But God turned things around, sent Jesus to reveal to the world the truth of God's love which is found only in His grace. God does not love us because we have done good things or because we have lived according to a set of rules. He loves us and because He does, we can love Him back and be the vessels by which He reveals His love to others. That's exactly what happened in the lesson from Acts. Peter was telling a gathering of people at Cornelious' house about Jesus and His ministry in this world. He told them about Jesus' death and resurrection, His appearance to a select group of witnesses, His command to preach the Gospel and to testify that He is the Christ. "To him bear all the prophets witness, that through his name every one that believeth on him shall receive remission of sins." (Acts 10:43) These people were not Jews, they were Gentiles, yet God's love reached them also as the Holy Spirit fell upon them at the hearing of those words about God's grace. The Jews were amazed that they could become children of God. Those who were there were baptized into the Church of Christ and became part of the Kingdom of God.

John tells us in his first epistle how we can know that we are children of God. "Whosoever believeth that Jesus is the Christ is begotten of God." (1 John 5:1, NIV) When we are born of God, we are His child. What happens for those who are born of God? We overcome the world. What does this mean? Last week we heard that the only way to bear fruit is to be connected to Jesus, who is the vine. We are part of Him by faith and as such He bears His fruit through us. That fruit is salvation -- forgiveness of sin and reconciliation to God achieved by the blood of Christ Jesus. We overcome those things that have burdened us, the desires to do good and be perfect, given the victory through faith in Jesus Christ. In Him we are made perfect, justified by His grace and called to remain in His love.

It is only after God has given us that great gift of salvation that we become His children, and as such we show the world His righteousness by our right living. It is only then that we can carry out His commands. What is it that He commands? "This is my commandment, that ye love one another, even as I have loved you." (John 15:12) In faith, we love as God first loved us, a sacrificial love, willing to give everything we are for the sake of another. Peter did this in the home of Cornelious, first of all entering into the home of a Gentile which was against the Law of the Jews. He spoke to them about Jesus, which must have seemed like a waste of time to the circumcised believers because how could they believe if they had not been obedient to God's Law?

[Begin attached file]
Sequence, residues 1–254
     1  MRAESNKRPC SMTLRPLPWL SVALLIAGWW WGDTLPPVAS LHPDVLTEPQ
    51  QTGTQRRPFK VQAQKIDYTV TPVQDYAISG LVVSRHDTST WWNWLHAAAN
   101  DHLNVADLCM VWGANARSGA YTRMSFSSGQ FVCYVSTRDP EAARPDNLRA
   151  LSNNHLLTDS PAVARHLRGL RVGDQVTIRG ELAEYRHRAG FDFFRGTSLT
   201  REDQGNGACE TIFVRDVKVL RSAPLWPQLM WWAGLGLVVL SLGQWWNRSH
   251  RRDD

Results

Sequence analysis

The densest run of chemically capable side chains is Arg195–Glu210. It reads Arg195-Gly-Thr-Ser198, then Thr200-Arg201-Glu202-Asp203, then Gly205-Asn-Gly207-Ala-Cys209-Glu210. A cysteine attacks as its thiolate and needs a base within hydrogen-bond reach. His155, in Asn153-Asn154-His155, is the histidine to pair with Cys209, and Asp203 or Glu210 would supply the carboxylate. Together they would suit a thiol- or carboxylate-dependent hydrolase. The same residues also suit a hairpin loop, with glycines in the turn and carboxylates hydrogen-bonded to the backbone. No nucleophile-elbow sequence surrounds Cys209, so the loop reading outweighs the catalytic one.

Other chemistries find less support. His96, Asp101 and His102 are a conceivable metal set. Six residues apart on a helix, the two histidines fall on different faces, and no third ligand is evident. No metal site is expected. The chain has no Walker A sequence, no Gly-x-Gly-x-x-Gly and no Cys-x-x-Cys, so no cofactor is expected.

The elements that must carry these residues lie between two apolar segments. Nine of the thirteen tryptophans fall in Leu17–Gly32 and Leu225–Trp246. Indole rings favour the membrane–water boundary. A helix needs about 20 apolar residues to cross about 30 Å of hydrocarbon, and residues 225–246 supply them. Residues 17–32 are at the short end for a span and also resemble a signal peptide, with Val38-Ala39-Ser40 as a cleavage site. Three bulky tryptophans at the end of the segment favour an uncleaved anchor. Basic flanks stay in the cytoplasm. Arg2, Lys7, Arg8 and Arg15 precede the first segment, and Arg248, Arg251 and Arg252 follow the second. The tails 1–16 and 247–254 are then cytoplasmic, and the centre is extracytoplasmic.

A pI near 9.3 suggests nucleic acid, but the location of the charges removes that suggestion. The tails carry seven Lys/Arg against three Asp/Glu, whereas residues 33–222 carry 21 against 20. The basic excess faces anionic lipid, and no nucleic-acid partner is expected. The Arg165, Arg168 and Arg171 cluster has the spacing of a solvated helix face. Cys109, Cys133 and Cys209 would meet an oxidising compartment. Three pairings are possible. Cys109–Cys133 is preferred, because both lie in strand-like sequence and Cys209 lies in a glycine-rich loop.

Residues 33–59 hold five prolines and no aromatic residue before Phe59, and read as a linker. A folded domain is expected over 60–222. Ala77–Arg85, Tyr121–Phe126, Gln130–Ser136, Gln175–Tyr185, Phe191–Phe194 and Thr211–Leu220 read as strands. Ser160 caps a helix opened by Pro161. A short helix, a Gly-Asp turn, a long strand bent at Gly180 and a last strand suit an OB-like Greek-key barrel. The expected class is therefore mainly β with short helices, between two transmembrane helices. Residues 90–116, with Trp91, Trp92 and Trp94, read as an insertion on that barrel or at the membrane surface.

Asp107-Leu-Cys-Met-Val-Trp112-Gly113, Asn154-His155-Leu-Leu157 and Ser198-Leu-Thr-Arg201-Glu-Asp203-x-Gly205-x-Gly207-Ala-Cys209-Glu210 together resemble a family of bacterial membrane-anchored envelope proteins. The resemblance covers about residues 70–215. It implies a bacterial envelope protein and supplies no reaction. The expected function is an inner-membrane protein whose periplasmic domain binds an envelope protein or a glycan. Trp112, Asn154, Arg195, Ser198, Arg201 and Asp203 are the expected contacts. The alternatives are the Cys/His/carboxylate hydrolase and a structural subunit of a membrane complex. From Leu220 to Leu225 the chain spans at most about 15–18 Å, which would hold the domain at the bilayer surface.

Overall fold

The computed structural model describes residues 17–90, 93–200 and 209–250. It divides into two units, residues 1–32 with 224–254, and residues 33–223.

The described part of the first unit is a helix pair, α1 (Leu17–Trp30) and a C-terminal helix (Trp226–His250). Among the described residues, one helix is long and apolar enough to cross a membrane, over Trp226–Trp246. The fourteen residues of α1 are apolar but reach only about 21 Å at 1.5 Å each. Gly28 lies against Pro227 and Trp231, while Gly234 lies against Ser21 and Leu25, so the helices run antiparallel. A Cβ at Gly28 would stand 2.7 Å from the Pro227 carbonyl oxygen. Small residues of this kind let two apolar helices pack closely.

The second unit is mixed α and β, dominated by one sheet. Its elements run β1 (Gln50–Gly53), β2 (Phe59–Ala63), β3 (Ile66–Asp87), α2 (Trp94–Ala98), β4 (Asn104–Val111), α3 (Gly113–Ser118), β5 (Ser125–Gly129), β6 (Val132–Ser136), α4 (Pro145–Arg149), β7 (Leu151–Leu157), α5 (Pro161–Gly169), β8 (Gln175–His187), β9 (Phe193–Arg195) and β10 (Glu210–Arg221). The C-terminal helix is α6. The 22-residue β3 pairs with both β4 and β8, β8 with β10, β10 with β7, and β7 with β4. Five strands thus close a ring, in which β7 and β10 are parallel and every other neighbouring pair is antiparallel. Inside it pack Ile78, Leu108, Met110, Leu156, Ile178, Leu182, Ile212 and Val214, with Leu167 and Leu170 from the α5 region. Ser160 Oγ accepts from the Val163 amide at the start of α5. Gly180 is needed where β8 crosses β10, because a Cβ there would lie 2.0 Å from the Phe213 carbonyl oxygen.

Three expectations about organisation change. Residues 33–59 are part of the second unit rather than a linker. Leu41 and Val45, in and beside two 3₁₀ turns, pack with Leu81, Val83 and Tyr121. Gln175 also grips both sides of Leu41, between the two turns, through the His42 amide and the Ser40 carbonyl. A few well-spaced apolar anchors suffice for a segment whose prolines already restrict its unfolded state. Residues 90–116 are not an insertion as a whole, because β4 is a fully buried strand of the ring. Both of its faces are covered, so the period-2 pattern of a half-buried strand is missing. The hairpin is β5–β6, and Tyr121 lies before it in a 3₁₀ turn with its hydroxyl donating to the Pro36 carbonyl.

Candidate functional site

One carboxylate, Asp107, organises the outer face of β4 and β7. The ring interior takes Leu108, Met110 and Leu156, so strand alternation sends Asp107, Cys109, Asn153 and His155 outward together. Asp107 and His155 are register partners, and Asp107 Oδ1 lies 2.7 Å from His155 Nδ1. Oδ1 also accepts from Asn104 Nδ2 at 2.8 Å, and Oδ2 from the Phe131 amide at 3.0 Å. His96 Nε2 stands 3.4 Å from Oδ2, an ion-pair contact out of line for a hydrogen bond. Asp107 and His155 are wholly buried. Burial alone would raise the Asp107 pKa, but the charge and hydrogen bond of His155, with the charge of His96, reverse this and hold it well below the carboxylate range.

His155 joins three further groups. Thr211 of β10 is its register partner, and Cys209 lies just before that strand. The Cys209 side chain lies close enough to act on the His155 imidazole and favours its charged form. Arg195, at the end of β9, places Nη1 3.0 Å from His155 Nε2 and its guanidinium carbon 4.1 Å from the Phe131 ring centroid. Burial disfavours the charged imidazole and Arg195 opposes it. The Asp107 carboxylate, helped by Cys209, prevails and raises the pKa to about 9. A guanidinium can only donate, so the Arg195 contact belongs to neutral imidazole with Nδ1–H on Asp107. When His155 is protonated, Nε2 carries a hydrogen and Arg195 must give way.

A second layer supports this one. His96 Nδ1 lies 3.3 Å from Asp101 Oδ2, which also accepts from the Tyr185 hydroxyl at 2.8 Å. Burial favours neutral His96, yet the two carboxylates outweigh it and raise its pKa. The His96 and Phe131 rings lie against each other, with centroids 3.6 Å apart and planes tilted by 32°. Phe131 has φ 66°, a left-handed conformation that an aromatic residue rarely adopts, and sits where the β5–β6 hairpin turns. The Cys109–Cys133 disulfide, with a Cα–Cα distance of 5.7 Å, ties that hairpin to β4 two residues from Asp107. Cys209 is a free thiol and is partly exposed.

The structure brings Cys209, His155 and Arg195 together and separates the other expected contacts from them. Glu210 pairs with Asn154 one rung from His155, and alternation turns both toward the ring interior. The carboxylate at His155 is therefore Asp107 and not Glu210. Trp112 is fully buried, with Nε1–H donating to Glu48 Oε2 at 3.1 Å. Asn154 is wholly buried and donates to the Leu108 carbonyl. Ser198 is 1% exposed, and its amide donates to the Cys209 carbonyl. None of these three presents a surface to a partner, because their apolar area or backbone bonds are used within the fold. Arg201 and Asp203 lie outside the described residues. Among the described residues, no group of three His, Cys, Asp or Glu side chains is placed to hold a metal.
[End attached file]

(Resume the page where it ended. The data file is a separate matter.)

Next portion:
Yet, God gave them the same gift -- faith in Jesus Christ, salvation and the Holy Spirit. They became part of the vine, part of the Kingdom, part of God's love. They become part of the circle of friends of Jesus, who by His power will love others into the Kingdom.

These scriptures do seem as though they center on our obedience to God's commands, our need to prove our love for God through good works. But those works are just like rotting bananas if we are not connected to God by faith in Christ Jesus. It is only that which we do in the love of God that will last, because only Jesus is able to bring salvation and draw all people into His Kingdom and make them children of God.

Together with all creation we will sing the song of praise and thanksgiving, "Make a joyful noise unto Jehovah, all the earth: Break forth and sing for joy, yea, sing praises.  Sing praises unto Jehovah with the harp; With the harp and the voice of melody.  With trumpets and sound of cornet Make a joyful noise before the King, Jehovah.  Let the sea roar, and the fulness thereof; The world, and they that dwell therein; Let the floods clap their hands; Let the hills sing for joy together Before Jehovah; For he cometh to judge the earth: He will judge the world with righteousness, And the peoples with equity." Psalm 98:4-9 (NIV)

Thanks be to God.